Dinner was substantially better though, and definitely did not disappoint. After a long day of sightseeing with Owen and Edel, we were all ready for a big local spread and stumbled on a perfect, quaint little restaurant up a hidden side street. They laid out a fantastic spread of various local favorites, paired with the perfect bottle (or three) of Turkish wine, and a live music performance by a group of 5 older gentlemen to set the ambiance and serenade the diners (all locals, so it seemed really authentic). Unfortunately, they also had and excitedly offered us the local alcohol, Raki. Despite not being able to stand licorice and anise flavored things, I keep an open mind and take the proffered glass. Owen and I each down it and luckily don’t have to try lie outright when I tell the waiter and servers (gathered around to watch us drink it for the first time) “its good!” Though I definitely wouldn’t go out of my way to drink it again, it was certainly better than I expected.


Posted by itengoredhair 14:55 Archived in Turkey Comments (0)

Izmir, Turkey - Ancient Ruins of Ephesus

Marble Public Toilets and Brothels across from the Library (with an underground tunnel)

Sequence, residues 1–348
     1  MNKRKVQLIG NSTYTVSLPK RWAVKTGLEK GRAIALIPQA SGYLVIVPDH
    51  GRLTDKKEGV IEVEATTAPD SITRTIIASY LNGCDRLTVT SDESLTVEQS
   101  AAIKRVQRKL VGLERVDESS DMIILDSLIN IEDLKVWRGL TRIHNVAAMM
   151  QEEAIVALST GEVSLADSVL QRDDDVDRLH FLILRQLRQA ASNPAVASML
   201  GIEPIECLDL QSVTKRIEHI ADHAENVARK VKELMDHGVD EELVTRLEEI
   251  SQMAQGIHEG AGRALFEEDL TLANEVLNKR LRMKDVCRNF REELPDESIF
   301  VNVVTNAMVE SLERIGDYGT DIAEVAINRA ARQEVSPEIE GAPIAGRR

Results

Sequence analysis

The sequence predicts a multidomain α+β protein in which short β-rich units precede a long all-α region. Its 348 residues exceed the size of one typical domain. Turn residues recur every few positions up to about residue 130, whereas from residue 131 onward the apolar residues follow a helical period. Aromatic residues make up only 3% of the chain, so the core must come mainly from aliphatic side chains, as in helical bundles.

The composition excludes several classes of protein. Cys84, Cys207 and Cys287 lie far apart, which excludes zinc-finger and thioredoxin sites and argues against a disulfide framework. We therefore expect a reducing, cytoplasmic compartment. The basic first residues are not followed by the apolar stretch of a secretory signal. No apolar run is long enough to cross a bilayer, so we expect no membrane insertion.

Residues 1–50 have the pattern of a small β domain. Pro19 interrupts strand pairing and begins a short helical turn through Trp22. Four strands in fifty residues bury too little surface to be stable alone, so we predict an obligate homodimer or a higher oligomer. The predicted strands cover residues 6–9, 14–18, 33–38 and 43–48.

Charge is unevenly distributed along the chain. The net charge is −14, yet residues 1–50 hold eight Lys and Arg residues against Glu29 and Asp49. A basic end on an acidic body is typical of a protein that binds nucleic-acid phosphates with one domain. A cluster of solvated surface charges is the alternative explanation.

Only a half day in Izmir and, though we would’ve liked to have more time to see the port and downtown, we did hop on a bus up to the ancient ruins of Ephesus, which was a great decision. See for yourself, beautiful ruins and good times had by all.

Posted by itengoredhair 07:05 Archived in Turkey Comments (0)

More Meals

like we needed an excuse for another one..

I know it’s April Fool’s Day, but this is completely serious; despite having been on the ship for nearly a month now, we have only just recently discovered a whole other set of meals on the boat: Afternoon Tea. Initially having written it off as a silly English thing, it wasn’t until a few days ago that we decided to indulge Owen’s English Heritage and join him for Afternoon Tea. It was greater than we could’ve imagined and, since it’s an English ship, they do it full out. So first off, there are three different options; 3-4pm Informal Afternoon Tea (help yourself buffet), 4-5pm Formal Afternoon Tea and 5-6pm is Kids’ tea time (loose phrase, I’m sure we could join).